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23 October 2020, 14:10 | Updated: 23 October 2020, 14:36
There have been some amazing pop teamups over the years. Elton and Kiki, Lionel and Diana, Kenny and Dolly etc.
But often, popstars simply do not get on.
When two (or more) legends lock horns, it can get nasty. Here are a handful of times when pop's biggest icons had very public feuds.
They're all best mates again now, but there was more than a decade of bad blood between Robbie and his former bandmates.
Ever since he quit the band in 1995 and scored a huge solo career, Robbie made it known whenever he could how much he couldn't stand his former colleague Gary Barlow.
"I wanted to crush him. I wanted to crush the memory of the band - and I didn't let go," he said in 2010. His hit 'No Regrets' was all about the animosity he felt after he left.
All's well that ends well!
The former good pals sparked a war of words in 2002, after Elton said Madonna's 'Die Another Day' was the "worst Bond tune ever".
Two years later, he also accused her of lip-syncing, which he went on to say a few more times over the years before describing her as a “fairground stripper” in 2012.
In 2016, Elton claimed that they made up over dinner, but we wouldn't be surprised if a few more catty words came out.
The Queen of Soul has said that there is no feud between her and fellow soul icon Patti. However, she soon launched her own line of food products after Patti's sweet potato fries were a hit, saying: “Ms Patti’s gonna have to move that pie to the side.”
Meanwhile, there is also a decades-long spat between Aretha and Dionne, with the most recent beef occurring due to a “libellous” statement Dionne made about Aretha five years ago.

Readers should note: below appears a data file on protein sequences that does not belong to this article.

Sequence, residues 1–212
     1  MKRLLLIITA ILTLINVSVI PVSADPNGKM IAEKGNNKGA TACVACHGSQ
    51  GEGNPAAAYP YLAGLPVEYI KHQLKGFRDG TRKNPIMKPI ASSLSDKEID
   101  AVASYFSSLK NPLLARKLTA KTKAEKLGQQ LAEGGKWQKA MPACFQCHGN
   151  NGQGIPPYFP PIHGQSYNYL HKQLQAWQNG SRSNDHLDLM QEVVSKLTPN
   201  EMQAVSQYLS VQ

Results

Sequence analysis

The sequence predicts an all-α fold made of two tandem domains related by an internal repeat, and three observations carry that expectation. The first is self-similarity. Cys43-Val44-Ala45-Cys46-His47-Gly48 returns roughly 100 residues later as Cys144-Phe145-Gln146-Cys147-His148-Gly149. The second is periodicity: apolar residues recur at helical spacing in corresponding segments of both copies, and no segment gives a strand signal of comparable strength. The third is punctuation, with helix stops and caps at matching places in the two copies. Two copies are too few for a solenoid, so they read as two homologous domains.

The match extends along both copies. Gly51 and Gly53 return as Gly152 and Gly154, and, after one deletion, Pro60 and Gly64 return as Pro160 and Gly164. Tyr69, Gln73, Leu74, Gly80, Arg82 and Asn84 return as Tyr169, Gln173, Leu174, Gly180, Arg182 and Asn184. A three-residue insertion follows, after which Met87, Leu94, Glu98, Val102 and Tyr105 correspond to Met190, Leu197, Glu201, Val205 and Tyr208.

At Whitney Houston’s funeral in 2012, Dionne said that Aretha couldn't be at the funeral, but that she loved Whitney as was Whitney’s godmother. According to Aretha, this was false and she sent “a lengthy fax” to the media last year, saying she was not Whitney’s godmother, because she was “far too busy” to be anyone’s godmother. Wow.
The iconic duo were close friends for years, before Art Garfunkel was not too happy at Paul Simon breaking off for solo projects, and it became a sore topic for decades.
In 1968, director Mike Nichols offered them both roles in his adaptation of the book Catch-22. However, Paul's character was cut before production began, and Art shot the film, and frustrations grew. They parted ways after their classic album Bridge Over Troubled Water in 1970.
They reunited for a huge gig in 1981, but plans for a world tour and new album were cancelled after they continued to bicker behind the scenes. There was also a frosty reunion at their Rock and Roll Hall of Fame induction in 1990.
After Art's pleasant compliment during their speech: "I want to thank most of all the person who has most enriched my life by putting these great songs through me: My friend Paul here," Paul responded with a jibe: "But it's true, I have enriched his life quite a bit, now that I think about it."
Beatles fans were largely unaware of any beef between their heroes in the 1960s, but their friendship went sour in 1970 after Paul moved to legally dissolve the band's partnership.